2009 Houston Arcade Expo

Chris Kennedy's picture

The Houston Area Arcade Group - http://www.arcadecenter.com/ - puts on the Houston Arcade Expo each year. I have attended every year since 2006. Each year I have an absolute BLAST, and this year was no exception. The Expo continues to evolve, and I am more than happy to pay my dues every year. In fact, this year I elected to do a sponsorship. I paid extra to get a T-shirt and two passes for the entire weekend. I was fortunate that my girlfriend was happy to join in the fun. I went twice with her and once by myself. I took a camera and snapped a few photos. (All photos available here: http://picasaweb.google.com/ckrtech/HoustonArcadeExpo2009# )

The pinball representation has just about gone through the roof. The main room from last year easily spilled over into the secondary room this year. I should have counted the pinball machines there. There were so many. Most of my favorites were there - Tales of Arabian Nights, The Twilight Zone, The Adams Family, Star Trek The Next Generation, and Attack from Mars.

Laura and I played Joust, and she beat me - badly - three or four times. I think she kept getting all of the multipliers or something. Our last game's score was something like 2,100,000 to 438,000. I have absolutely no idea how she schooled me like that. Quite embarrassing.

There were certainly plenty of arcade games. We played some Centipede, Ms. Pac-Man, Asteroids, Tapper, Tempest, and Robotron among many others. I found myself getting addicted to Gravitar. I honestly think that I only first played the game last year maybe once or twice. This year found me hooked. I am pretty sure my Gravitar days are far from over. I managed to get on the top 8 "Killer Pilot List," but my score was a measly 6200. I improved upon it a bit later, but honestly needed more time on the machine. I was hesitant to spend too much time because other people wanted to play & there were other machines there as well.

I am not really that great at Robotron. As a matter of fact, I am just not a Williams games guy. That said, I scored 102,275 and placed 6th on the Heroes list. That made for 28th all time on that particular machine. Maybe I need to practice a bit and try to get a decent score next year. That score might be respectable, but it certainly isn't good.

Plenty of room this year. They could easily expand more next year if more machines show up.

Late 70s and early 80s were well-represented. I have to admit that I personally wouldn't mind seeing some mid 80s and possibly even late 80s games. There are some obvious classics in the early 80s. I logged some time with Missile Command here and there. Donkey Kong and Donkey Kong Jr. were there...The only real mid-eighties representation was that of Dragon's Lair and Space Ace. Those games (mostly Dragon's Lair) have a cult following, but I have to admit that I rarely see people play them be it 1985 or 2009. I have always been surprised to hear some people talk about how big Dragon's Lair was. As for me - I wouldn't mind some Sega 16 games like Shinobi or some multiplayer co-op games like Xybots. What about some driving games like Hard Drivin' or Roadblasters? How about Operation Wolf/Thunderbolt? I played Terminator 2 last year, but it was missing this year. Still - It was fun to have the games we played. Keeping it early 80s works. I only wish we had a few more machines that ventured into later years.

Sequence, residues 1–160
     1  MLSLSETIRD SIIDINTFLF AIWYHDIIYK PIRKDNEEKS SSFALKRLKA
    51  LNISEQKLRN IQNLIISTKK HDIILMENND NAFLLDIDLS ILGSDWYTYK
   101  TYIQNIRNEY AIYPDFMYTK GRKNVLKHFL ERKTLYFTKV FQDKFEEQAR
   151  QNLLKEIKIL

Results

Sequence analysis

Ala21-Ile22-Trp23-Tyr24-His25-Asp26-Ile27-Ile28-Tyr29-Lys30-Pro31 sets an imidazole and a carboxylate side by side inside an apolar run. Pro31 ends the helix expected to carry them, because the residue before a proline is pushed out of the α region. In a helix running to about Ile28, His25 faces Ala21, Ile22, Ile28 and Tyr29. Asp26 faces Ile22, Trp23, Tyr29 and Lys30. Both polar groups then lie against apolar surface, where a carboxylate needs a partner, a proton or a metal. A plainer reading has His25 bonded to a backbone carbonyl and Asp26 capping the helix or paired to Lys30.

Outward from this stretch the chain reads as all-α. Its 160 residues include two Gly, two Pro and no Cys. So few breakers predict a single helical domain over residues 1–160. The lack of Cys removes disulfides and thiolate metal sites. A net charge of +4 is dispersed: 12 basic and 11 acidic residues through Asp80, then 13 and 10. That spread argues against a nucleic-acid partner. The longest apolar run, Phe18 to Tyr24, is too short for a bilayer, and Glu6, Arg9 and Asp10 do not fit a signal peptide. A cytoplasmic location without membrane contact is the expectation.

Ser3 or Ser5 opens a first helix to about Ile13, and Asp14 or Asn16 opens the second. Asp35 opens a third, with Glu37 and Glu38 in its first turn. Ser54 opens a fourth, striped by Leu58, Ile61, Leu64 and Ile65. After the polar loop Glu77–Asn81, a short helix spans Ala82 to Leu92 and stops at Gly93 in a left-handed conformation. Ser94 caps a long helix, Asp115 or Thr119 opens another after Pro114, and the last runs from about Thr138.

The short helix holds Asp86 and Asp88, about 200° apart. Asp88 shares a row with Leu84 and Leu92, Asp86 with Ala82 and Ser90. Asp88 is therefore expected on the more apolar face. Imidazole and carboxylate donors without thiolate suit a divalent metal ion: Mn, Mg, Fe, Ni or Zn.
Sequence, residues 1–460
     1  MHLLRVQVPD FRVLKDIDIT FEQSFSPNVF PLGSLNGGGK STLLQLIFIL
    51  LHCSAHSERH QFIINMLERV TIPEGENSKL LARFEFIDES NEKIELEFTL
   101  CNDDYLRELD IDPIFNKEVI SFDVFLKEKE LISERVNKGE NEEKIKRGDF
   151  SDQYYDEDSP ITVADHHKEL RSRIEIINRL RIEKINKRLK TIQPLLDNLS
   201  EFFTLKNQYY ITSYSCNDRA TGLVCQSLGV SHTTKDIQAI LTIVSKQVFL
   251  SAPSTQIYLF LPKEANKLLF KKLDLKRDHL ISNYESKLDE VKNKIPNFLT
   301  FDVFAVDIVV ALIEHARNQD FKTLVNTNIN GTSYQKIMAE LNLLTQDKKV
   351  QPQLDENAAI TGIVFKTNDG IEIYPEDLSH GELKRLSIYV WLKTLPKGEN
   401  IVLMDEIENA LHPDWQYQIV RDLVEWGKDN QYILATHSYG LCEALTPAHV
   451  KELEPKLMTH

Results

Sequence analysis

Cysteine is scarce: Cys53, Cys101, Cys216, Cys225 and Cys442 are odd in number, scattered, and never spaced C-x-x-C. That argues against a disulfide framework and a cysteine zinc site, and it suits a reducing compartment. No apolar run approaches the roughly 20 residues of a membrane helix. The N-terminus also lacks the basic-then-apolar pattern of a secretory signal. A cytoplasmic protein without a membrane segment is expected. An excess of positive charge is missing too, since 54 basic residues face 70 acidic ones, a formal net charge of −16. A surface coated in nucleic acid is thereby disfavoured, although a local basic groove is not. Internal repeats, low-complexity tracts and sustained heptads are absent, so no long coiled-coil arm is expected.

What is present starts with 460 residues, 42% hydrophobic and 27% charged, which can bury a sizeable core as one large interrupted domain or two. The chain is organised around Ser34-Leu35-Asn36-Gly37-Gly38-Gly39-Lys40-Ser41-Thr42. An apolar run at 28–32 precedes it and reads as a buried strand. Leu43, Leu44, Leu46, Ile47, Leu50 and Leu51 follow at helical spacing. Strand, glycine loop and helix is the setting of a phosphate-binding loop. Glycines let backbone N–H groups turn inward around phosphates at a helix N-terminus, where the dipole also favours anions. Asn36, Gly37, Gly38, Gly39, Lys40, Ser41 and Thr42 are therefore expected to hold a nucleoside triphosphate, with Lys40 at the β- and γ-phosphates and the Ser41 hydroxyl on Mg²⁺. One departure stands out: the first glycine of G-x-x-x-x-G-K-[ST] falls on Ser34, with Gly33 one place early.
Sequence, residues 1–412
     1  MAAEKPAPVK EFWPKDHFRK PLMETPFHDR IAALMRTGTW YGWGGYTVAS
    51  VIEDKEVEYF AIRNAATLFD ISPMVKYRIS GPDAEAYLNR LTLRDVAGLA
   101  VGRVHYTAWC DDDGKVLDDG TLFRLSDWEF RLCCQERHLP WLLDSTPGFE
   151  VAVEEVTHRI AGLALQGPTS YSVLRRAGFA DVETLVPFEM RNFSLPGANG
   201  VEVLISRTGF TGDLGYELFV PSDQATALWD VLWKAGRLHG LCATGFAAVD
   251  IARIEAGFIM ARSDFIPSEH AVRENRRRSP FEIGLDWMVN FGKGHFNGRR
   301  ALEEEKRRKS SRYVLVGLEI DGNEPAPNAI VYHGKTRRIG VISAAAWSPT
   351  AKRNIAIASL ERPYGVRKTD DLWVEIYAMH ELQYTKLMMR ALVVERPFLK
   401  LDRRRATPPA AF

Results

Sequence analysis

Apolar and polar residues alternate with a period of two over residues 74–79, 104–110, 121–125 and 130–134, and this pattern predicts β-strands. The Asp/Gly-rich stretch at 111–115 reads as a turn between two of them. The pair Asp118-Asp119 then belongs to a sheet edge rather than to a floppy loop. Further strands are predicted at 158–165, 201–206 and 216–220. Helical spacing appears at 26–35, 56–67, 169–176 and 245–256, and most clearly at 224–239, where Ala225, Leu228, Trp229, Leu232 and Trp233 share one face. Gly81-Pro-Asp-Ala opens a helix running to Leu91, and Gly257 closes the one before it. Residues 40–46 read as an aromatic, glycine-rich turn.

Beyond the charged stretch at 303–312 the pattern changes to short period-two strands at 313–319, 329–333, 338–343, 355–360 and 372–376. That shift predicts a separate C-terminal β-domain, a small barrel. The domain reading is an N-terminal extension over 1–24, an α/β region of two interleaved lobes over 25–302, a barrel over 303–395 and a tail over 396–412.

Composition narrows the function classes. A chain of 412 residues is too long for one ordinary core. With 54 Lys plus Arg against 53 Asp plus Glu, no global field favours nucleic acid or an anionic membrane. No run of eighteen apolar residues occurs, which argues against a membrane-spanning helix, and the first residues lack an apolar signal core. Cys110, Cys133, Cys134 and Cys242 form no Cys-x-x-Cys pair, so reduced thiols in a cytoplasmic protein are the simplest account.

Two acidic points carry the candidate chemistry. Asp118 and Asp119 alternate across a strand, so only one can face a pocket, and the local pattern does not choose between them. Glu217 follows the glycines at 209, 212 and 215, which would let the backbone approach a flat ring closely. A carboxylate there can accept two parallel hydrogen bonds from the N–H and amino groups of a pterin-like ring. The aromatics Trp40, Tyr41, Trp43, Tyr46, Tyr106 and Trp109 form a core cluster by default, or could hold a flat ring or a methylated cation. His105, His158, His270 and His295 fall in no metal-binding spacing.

Last year, Atari Age added console games to one corner of the expo. Last year's representation was better than this years, but this years was still fun. This year included a few Atari 2600s, one 5200, one 7800, and a Colecovision. Last year had those as well as a Fairchild Channel F, Atari XEGS, Intellivision, and even a rogue Philips CDI at one point.

I didn't have as much fun with the consoles this year. Last year, they generated a lot more discussion among people. I remember talking games with several of the guys there. It was a load of fun. We would bring up games, mention some diamonds in the rough, and then scramble to fire them up on the console. It was awesome! You take a room full of people, someone mentions a game, others haven't heard of it, and then you have a heard of adults moving over to a machine so the one telling the story can show off the game.

This year brought about a different type of fun.

I met Al of Atari Age - he is the guy that co-founded Atari Age and brought the consoles to the expo. I also met Darrell Spice, Jr. He is big in the Atari 2600 homebrew scene and actually wrote several of the games I played while I was there this year. I have to brag about Medieval Mayhem. It is a jaw-dropping Atari 2600 rendition of Warlords. Those of you that have played Warlords for the Atari 2600 have probably said, "eh. It's the 2600" and shrugged it off, insulted the port, or said, "they could have done better." Darrell said they could have done better, and he MADE IT BETTER. One programmer sent in the dragon, and several people managed to put together an INCREDIBLE Warlords port for the 2600. I am planning on picking it up. It may inspire me to work on the Atari 2600 homebrew scene. Goodness knows what game I would try to write/port, though.

I am definitely going again next year. I hope that the rest of you have a chance to get out and do something like this in your local areas. I can understand playing old console games on emulators from time to time, but you can't beat an arcade full of people, music, machines, pinball, and atmosphere. I'd say that it is easily one of the best "historical environments" that a group of individuals can recreate. Well...minus the fashion trends, I suppose.

Comments

Mark Vergeer
Mark Vergeer's picture
Offline
Joined: 01/16/2006